MacGeorge was an architect of some note. In the late 1850s he had a sizeable practice embracing all the developed areas of the colony. Time has taken a heavy toll on his designs. Maughan Methodist Church in Franklin Street, St Andrew’s Presbyterian Church in Flinders Street, the Savings Bank of South Australia in King William Street and the first part of the Congregational Church on Jetty Road, Glenelg, have all been either demolished or altered beyond recognition.
In 1880 St Andrews was bought by David Murray, one of Adelaide’s most successful merchants at the time. Murray arrived in South Australia in 1853 and soon after started up D.&W. Murray, a drapery business. The firm expanding into wholesale warehousing and shirt and boot making. Later, it opened offices in London, Melbourne, Sydney, Brisbane, Launceston, Townsville, Rockhampton and Broken Hill.
David Murray became chief secretary in the Downer government, and was closely associated with St Andrew’s Presbyterian Church and the Young Men’s Christian Association in Adelaide. He donated the David Murray library to the South Australian School of Mines.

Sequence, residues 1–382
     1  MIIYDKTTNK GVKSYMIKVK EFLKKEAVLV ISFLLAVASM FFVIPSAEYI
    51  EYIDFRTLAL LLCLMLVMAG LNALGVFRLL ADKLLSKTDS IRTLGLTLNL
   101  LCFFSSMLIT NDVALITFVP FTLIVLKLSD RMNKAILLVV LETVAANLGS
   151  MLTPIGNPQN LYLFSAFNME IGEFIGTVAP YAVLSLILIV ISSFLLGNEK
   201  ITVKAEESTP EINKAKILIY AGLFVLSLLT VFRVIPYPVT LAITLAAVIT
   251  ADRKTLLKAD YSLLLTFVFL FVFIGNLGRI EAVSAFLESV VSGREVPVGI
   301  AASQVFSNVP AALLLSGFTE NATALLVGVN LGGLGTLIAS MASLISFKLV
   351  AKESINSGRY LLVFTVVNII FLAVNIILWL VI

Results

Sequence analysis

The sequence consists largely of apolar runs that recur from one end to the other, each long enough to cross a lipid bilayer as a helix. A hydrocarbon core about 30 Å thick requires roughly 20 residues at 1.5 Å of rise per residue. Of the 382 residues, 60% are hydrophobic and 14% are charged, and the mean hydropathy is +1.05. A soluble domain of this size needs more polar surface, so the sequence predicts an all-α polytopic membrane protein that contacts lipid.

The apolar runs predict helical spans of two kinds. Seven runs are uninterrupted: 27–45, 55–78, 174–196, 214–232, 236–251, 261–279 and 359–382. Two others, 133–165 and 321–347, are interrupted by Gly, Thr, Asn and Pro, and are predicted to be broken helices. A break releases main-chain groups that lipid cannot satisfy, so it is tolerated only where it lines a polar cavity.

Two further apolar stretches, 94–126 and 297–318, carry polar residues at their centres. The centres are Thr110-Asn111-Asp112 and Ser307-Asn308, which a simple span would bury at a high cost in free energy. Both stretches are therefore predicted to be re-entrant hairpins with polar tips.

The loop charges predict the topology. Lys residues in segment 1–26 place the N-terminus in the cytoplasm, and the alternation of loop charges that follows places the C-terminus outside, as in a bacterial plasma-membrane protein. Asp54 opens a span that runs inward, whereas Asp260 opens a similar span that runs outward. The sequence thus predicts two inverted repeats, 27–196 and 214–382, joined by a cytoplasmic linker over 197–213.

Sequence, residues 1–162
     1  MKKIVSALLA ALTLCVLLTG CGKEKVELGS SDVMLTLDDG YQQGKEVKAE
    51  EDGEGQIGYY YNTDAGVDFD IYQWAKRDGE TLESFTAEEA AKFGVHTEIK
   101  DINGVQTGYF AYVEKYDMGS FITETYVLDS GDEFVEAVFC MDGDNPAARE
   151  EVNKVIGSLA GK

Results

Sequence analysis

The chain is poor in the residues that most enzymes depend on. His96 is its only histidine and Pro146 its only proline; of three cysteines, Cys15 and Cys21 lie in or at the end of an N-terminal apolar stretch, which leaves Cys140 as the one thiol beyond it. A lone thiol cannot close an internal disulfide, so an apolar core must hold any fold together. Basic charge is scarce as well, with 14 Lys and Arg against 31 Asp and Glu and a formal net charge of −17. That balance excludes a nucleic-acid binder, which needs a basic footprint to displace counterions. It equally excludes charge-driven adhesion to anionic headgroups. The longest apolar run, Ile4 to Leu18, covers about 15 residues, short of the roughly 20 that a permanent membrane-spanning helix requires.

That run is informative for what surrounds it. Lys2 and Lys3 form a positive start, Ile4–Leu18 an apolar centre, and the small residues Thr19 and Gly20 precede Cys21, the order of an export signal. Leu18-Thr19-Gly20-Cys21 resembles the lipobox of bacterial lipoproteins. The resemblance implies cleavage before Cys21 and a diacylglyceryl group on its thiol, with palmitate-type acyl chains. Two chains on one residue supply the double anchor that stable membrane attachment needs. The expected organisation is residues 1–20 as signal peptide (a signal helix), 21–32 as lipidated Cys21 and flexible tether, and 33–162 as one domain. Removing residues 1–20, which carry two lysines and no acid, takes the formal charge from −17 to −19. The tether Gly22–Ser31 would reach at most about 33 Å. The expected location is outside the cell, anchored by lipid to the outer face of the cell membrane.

The house was occupied by C.R.J. Glover, first lord mayor of Adelaide, in 1919 and then his son Sir John Glover, lord mayor of Adelaide from 1960 to 1963.
In about 1881 the western wing was built in a style sympathetic to the original section. The house still contains the earliest section, built of limestone rubble, with dressings strongly picked out in well-detailed brickwork. The design incorporates interesting and relatively unusual architectural features, such as pilasters to openings and the mansard roof. This roof form gives it a distinctive French appearance, reinforced by the Baroque touch in the western wing, where curved extremities emphasise the projecting first floor. The arcaded loggia is also a distinctive component.